As part of our Science, Technology, Engineering, and Mathematics (STEM) project in China, children at six schools in Shaanxi Province took part in virtual workshops to learn Design Thinking, an innovative approach to solving problems by putting people at the heart of the thought process.
The courses, organised by Plan International and delivered by volunteers from global tech company ThoughtWorks and consultancy firm Accenture, helped girls and boys learn the human-centered method of thinking, encouraging the children to analyse problems in a creative and logical way, express their ideas and thoughts openly, and put their solutions into practice.
The children were asked to explore the theme of creating a safer social media environment and discussed the advantages and disadvantages of the internet and explored the different forms of online bullying and the ways of preventing it from happening.
“I was so glad that the children loved our session on Design Thinking,” says Liu Qiaoyu, one of the volunteers from Accenture. “We do hope that the children have learnt how to use the internet safely and can grow up without danger in the era of the internet.”
Mr. Ge, a teacher at one of the participating primary school in Jiaxian County, facilitated the online course for his pupils. “Design Thinking is not only useful for conducting a discussion on creating a safer social media environment but can also be helpful to encourage children to analyse and solve problems more effectively.”
“In many cases children don’t really have an opportunity to ask why or the reasons behind an issue, which prevents them from finding out the root cause of a problem. I hope that through taking part in these online courses, the students will be able to analyse and view problems in their and lives from different angles."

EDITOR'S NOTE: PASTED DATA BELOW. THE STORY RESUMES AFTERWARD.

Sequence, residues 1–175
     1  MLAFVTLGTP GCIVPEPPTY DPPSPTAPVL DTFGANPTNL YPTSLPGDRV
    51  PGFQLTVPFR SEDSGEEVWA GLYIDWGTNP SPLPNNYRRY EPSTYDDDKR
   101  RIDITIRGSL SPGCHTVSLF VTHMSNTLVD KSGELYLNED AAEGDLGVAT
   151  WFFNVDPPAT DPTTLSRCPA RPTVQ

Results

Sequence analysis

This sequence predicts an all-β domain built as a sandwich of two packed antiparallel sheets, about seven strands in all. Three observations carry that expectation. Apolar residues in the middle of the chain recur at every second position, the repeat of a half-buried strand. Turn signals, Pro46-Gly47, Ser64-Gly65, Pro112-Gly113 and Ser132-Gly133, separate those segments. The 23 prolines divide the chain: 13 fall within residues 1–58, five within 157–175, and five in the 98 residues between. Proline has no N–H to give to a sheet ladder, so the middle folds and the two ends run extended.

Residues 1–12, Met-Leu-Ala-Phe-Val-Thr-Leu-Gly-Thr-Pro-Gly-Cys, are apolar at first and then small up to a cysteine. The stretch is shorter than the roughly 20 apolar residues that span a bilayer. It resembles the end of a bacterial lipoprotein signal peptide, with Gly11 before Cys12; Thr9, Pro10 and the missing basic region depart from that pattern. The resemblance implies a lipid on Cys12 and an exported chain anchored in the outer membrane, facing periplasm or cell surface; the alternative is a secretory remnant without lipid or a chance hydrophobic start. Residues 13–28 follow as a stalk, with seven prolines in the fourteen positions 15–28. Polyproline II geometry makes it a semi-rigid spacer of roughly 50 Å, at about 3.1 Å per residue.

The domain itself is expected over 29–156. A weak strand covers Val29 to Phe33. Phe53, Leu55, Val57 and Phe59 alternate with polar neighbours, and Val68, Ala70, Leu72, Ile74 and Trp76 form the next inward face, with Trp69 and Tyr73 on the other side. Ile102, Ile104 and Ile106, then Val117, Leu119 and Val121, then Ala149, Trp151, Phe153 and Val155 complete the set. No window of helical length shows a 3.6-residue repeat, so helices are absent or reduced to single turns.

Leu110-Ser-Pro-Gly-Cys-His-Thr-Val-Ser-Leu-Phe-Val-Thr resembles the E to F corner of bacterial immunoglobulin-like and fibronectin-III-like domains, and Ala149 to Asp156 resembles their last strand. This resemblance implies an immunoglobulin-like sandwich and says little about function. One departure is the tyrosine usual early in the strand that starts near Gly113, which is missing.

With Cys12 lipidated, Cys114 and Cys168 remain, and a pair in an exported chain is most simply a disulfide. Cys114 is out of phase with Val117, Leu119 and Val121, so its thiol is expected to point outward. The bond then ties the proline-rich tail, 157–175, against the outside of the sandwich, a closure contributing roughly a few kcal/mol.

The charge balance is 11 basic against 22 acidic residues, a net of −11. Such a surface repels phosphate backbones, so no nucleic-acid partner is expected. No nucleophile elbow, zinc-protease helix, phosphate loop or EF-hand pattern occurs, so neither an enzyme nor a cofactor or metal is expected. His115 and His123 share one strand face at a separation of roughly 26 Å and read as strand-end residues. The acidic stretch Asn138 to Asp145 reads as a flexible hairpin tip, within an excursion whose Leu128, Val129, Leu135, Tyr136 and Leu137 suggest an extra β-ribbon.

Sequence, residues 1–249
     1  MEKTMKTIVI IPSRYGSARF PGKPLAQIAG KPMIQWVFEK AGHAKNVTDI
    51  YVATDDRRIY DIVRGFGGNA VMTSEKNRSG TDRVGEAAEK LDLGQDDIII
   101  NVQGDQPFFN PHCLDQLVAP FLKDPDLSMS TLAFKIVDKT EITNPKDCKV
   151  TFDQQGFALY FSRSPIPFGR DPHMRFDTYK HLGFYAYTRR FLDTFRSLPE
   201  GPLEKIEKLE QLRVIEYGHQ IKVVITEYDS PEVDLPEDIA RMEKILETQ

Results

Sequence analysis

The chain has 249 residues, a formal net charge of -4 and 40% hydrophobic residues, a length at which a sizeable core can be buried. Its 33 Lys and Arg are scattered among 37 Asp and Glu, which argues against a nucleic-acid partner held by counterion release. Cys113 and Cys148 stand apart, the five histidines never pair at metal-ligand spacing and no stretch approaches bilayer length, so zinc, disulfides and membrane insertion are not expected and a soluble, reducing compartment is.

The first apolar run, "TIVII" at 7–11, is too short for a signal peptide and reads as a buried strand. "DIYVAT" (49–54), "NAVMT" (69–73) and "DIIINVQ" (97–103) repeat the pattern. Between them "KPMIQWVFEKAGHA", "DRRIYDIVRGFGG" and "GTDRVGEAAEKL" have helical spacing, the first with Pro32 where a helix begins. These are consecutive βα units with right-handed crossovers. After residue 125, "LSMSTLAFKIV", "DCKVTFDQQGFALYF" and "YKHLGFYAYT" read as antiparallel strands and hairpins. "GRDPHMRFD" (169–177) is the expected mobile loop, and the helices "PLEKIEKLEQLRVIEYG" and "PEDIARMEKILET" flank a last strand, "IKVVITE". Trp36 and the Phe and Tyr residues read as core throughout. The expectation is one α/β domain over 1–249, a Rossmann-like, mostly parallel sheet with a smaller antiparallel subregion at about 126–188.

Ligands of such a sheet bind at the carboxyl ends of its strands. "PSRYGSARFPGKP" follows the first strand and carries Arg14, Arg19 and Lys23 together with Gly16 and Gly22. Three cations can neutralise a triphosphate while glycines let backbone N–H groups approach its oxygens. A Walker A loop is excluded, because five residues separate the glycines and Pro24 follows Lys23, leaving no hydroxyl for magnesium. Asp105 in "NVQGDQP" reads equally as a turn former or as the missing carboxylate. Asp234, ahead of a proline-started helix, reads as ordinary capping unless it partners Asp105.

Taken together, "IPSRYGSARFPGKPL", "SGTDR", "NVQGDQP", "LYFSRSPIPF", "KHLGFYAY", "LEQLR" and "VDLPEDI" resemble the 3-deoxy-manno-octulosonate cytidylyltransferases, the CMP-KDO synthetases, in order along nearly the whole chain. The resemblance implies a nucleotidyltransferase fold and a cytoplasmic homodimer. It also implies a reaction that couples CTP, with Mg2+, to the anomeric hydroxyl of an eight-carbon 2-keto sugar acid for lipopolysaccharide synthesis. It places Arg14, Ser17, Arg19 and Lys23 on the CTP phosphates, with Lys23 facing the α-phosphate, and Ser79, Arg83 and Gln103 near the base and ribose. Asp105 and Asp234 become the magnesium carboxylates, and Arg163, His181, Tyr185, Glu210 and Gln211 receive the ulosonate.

Over the past few years, Plan International has worked with various partners - governments, private sectors, academic institutions and training agencies - to create different resources for our STEM education projects which work with girls and boys living in rural areas of China.
Since September 2019, the project has reached 2,350 children, including 65% girls, from 52 schools. The project has established child-friendly STEM learning centers in schools, conducts weekly STEM club learning activities for students, provides training workshops for schoolteachers on robotic programming and gender equality, and organised study trips to IT companies for both students and teachers.
We are also working with Beijing University to explore ways to develop a growth in STEM learning activities, helping students, especially girls, overcome difficulties, increase their confidence, set long-term goals, and further improve their future development.
“After taking part in one of the STEM courses, I became more courageous. During the online course, I stood in front of the podium and answered the teacher’s questions,” says Xiaoyu, a six-grade pupil at a primary school in Jiaxian County.
As a result of our efforts, many students and teachers are challenging the gender stereotype that ‘girls are not good at STEM subject’. Moreover, the project model and achievements have been recognised by the government, as ten of the schools we work with were selected as Shaanxi Provincial STEM Education Experimental Schools by the Shaanxi Provincial Academy of Educational Sciences in January 2021.